UK charities have done all they can to help desperate people. What is Trus going to do? | Gordon Brown

NOTnot only are the country’s poor now being pushed beyond their limits, but so are the country’s charities. Just as many breadwinners are struggling to afford their bread, there are now food banks worried about running out of food.

Preparing for an unprecedented winter wave of need, our voluntary sector must be innovative – and fast. In the face of increasing deprivation in the local community where I grew up, the family center I volunteer at pioneered the bank of banks: a food bank, bedding bank, clothing bank, toiletries bank, furniture bank, hygiene bank, and a baby bank, all rolled into one. In just eight months it has grown from one of the smallest charities in the county, with a turnover of £500,000 a year and 30 staff, to one of the largest, with a turnover of business of £5 million in goods. Benefiting from a unique agreement to receive surplus items donated by Amazon’s local warehouse and supported by the Co-op, Scotmid and 12 local businesses, it now works with 500 organizations nearby – charities, food banks, schools, centers health and social work teams – who were able to supply 35,000 Fife families with 230,000 goods, ranging from tinned food, nappies, toilet paper and children’s clothing to quilts, kettles, microwaves and beds.

Now stocks are being built up to prepare for the biggest surge in demand of all – for blankets, sleeping bags and hot water bottles, as families forego heating their homes and focus on their own heating. But this central warehouse does more than distribute goods. In addition to delivering paint, wallpaper, rugs and furnishings to families who can no longer afford basic housekeeping, a local team of volunteer painters, plumbers and electricians is now incorporated to help renovate and improve homes. Plans are currently being discussed for a shop that will lend free power and mechanical tools for do-it-yourself repairs, while help is extended from home to gardens and planting vegetable gardens.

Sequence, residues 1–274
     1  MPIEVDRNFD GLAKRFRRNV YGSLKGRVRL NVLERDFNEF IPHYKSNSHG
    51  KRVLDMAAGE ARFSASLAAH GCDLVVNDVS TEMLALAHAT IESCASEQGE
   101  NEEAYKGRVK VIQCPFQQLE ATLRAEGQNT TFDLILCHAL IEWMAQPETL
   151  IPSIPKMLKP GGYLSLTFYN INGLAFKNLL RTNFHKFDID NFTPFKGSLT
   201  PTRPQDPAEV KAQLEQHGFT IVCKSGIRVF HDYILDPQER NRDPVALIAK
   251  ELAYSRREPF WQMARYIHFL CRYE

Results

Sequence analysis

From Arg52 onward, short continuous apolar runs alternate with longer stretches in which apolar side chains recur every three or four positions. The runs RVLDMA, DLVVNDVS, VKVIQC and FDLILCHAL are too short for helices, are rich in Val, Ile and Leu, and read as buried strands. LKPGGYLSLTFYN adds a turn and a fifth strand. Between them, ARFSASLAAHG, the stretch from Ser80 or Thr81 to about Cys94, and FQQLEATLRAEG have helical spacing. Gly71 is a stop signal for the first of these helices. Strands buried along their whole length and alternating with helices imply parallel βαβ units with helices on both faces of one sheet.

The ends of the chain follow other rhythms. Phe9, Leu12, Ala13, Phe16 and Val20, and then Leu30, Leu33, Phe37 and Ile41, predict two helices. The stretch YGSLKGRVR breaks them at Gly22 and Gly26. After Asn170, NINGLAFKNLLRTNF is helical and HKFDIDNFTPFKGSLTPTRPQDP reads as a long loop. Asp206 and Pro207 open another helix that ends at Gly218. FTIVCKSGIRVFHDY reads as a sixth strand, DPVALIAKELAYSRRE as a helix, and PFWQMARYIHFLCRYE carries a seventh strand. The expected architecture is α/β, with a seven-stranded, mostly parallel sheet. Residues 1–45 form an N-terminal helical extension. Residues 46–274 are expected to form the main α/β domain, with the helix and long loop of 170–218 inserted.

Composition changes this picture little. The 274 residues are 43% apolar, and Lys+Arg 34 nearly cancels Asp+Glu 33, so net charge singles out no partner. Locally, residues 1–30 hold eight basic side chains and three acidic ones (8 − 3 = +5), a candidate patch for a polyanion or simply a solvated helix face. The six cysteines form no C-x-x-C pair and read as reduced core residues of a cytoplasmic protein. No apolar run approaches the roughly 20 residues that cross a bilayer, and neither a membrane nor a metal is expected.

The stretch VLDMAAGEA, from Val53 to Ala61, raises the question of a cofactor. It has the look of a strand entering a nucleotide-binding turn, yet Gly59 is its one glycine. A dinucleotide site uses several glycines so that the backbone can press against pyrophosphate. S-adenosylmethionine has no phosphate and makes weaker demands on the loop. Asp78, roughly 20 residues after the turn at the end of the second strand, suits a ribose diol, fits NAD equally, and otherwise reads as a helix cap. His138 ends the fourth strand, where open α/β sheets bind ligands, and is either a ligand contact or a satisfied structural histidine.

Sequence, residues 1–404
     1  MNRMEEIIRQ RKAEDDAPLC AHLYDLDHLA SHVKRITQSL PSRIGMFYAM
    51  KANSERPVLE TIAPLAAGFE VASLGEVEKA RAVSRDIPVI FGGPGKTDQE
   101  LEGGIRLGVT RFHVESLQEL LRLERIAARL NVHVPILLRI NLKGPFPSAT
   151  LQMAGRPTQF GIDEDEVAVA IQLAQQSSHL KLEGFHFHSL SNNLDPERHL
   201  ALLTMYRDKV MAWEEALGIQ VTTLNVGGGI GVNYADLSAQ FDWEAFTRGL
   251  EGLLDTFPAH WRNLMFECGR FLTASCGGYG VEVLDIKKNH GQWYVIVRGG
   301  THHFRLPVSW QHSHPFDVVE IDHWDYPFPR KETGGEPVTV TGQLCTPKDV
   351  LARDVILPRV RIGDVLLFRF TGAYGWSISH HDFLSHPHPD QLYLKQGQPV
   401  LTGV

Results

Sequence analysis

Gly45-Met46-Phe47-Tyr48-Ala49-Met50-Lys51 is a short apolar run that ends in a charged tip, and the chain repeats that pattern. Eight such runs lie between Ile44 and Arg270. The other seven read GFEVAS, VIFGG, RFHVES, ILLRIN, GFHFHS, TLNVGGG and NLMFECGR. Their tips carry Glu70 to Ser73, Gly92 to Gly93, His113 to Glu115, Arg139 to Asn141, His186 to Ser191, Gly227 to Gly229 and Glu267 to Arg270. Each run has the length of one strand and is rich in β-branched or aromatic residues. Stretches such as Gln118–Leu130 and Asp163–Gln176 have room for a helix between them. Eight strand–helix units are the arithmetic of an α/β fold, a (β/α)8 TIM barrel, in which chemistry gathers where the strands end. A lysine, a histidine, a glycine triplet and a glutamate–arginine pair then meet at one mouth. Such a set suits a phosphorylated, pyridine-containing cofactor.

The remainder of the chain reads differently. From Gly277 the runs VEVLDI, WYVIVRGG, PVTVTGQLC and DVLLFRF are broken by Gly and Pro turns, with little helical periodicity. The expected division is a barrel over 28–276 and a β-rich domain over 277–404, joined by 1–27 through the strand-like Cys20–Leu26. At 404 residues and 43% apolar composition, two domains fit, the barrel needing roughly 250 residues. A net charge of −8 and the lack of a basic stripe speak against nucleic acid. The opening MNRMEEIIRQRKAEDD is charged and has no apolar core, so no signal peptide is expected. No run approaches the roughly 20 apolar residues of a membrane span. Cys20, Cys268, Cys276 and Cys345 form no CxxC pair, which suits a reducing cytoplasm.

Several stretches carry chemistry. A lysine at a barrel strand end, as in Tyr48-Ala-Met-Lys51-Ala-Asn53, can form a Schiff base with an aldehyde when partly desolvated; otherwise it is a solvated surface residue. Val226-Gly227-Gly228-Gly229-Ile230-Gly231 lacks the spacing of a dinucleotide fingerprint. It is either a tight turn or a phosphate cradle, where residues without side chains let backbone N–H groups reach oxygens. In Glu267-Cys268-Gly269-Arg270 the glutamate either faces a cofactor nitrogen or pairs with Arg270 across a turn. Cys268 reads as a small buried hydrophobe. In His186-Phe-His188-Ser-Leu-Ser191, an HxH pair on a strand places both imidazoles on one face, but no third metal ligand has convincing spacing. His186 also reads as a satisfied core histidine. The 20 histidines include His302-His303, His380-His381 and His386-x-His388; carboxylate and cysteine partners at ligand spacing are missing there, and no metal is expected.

With its breakfast clubs, after-school clubs and mothers and toddler groups now complemented by a pioneering dads club, grannies club and its own team of mental health counsellors, the family center is like so many other charities I know – endlessly creative in helping families do more with less, and I’m constantly impressed by the selfless support offered by local businesses, from the struggling individual electric company to the largest supermarket.

Yet caregivers and social workers at the family center know that, however inventive and expansive, these already Herculean efforts will not be enough to prevent misery this winter. At best, all this charitable aid that has been pulled together locally can bring an extra £10m to Fife’s poorest families this year. But those extra millions cannot make up for the £76m the same families are missing out on compared to last year.

Indeed 35,000 Fife families lost over £30m after Universal Credit was cut by £20 a week last October, and are still short of £46m because benefits have only risen by 3 per cent while inflation drives up their weekly bills by more than 10%. And that year-on-year shortfall is just a fraction of the £200million that Fife Council estimates has been lost to 35,000 families due to cuts in benefits since 2010.